RESTRICTIONS on urban expansion and strong rural subdivision controls are at the heart of the draft Mornington Peninsula Green Wedge Management Plan.
The plan was released for public comment at last Friday’s (22 June) green wedge summit at the Main Ridge Community Hall.
Speakers included Flinders MP Greg Hunt, RMIT environment and planning professor Michael Buxton, Mornington Peninsula Regional Tourism Board chair Tracey Cooper, fifth generation Red Hill orchardist Sheryn Mock, shire planning services manager David Bergin, Peninsula Speaks community environmental group co-founder Christine Haydon, and University of Melbourne food policy lecturer Dr Rachel Carey.
More than 100 residents and representatives of community groups attended the summit to discuss and determine the peninsula’s planning direction and controls.
The mayor Cr Bryan Payne said the green wedge management plan set “key directions” to ensure about 50,000 hectares, or 70 per cent of the peninsula’s land mass, remained rural “in recognition of its value for current and future generations”.
“Through this management plan we are confirming the urban growth boundary allowing no urban expansion into the green wedge and with strong rural subdivision controls to protect the landscape and opportunities for agriculture, rural living and conservation,” he said. Applications for housing on existing rural lots would only be considered in conjunction with land management plans providing for the “substantial, sustainable and productive use of the land for agriculture and or habitat restoration”.
The summit was told the shire’s green wedge was one of the state’s most important natural assets.
The shire’s 185 reserves include 120 council-owned bushland and coastal foreshore reserves, Point Nepean and national parks, Arthurs Seat state park and Devilbend natural features reserve.
About 27 per cent of the peninsula’s remnant vegetation is reportedly on public land.
“Conservation policies for the peninsula were first introduced more than 40 years ago and the special role and character of the Mornington Peninsula Green Wedge continues to be highly valued by both the local community and the wider population of Melbourne,” Cr Payne said.
“The green wedge management plan will support sustainable agricultural uses that are consistent with protecting landscape and habitat values, as well as access to regional programs for peninsula farmers.
“It will support agritourism, including farm gate sales, host farms, farmers markets and recycled water projects.
“Tourism and leisure-based development which supports and is established in conjunction with a core purpose of the green wedge, such as agriculture, conservation or outdoor recreation, will be considered for the green wedge.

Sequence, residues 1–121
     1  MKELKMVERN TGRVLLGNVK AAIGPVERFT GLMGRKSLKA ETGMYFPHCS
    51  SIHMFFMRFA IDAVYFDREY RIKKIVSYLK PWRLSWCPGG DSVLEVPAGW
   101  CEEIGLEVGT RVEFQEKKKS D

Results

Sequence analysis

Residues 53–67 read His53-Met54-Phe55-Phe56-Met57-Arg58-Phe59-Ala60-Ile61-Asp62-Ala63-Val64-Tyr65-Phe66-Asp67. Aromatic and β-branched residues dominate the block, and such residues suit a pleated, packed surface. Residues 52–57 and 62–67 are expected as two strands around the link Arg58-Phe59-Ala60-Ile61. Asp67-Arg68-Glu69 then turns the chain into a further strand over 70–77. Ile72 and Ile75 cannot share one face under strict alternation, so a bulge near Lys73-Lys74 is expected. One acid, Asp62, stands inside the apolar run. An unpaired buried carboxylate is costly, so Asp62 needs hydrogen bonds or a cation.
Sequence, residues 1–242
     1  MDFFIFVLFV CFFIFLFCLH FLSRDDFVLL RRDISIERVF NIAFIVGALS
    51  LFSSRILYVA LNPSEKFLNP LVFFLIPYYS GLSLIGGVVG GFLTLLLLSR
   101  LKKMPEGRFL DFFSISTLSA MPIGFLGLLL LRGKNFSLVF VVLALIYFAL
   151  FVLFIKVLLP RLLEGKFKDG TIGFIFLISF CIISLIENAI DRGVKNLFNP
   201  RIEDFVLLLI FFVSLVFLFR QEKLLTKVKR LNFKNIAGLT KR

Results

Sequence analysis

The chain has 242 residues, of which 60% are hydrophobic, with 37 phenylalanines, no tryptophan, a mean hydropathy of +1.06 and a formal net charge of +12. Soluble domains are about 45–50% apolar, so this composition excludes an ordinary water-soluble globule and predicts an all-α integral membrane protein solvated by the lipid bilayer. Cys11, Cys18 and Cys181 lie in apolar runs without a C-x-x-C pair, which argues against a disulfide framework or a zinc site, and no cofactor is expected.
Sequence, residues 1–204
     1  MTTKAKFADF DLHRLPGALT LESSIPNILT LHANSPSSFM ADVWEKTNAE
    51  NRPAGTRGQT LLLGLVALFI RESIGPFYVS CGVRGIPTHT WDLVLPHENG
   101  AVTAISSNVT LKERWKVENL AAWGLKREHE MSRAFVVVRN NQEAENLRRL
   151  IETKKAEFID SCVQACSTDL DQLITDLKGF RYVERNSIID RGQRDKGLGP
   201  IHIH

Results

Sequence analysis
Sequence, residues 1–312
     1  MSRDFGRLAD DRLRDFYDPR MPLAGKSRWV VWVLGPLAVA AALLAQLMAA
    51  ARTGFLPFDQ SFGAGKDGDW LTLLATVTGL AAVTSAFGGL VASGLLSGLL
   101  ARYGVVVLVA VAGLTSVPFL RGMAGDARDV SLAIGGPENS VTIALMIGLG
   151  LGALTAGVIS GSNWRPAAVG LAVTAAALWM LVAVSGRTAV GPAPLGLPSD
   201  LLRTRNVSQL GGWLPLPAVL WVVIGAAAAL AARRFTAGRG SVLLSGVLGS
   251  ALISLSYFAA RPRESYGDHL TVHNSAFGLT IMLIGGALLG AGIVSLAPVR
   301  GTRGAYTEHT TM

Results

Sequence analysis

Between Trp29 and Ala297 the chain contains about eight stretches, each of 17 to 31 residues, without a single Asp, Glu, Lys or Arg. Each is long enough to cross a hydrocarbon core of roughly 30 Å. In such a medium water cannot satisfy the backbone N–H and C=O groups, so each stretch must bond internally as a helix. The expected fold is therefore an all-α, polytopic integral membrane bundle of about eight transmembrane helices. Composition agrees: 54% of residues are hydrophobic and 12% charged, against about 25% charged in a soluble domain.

“This is provided they are not over developed.”
Under the plan, minimum lot sizes will be required for intensive uses, such as restaurants and function centres, with no cluster or strip development outside established townships.
The green wedge includes Arthurs Seat, Red Hill, Flinders, Balnarring, Shoreham and Somers, as well as smaller settlements at Moorooduc, Merricks, Point Leo and Main Ridge.
More than 80 per cent of land within the green wedge is privately owned. It consists of 4939 lots, some of which remain in multi-title landholdings.
About 83 per cent of the lots have a dwelling of some kind, but only a few have multi-dwelling sites. These are mainly in resorts.
The 4116 separate dwellings in the green wedge have a 71.5 per cent occupancy rate and housed 8519 people last year.
Cr Payne said through the green wedge management plan the council supported the recreational role of the peninsula with proper infrastructure planning and investment. He said the shire was seeking a partnership with the state government to develop a green wedge recreation plan.
The summit was told the purpose of the green wedge zone was to implement the state planning policy framework and the local planning policy framework, including the municipal strategic statement and local planning policies.
It aimed to provide for the use of land for agriculture; to recognise, protect and conserve green wedge land for its agricultural, environmental, historic, landscape, recreational and tourism opportunities, and mineral and stone resources; to encourage use and development consistent with sustainable land management practices; to encourage sustainable farming activities and provide opportunity for a variety of productive agricultural uses; to protect, conserve and enhance the cultural heritage significance and the character of open rural and scenic non-urban landscapes, and to protect and enhance the biodiversity of the area.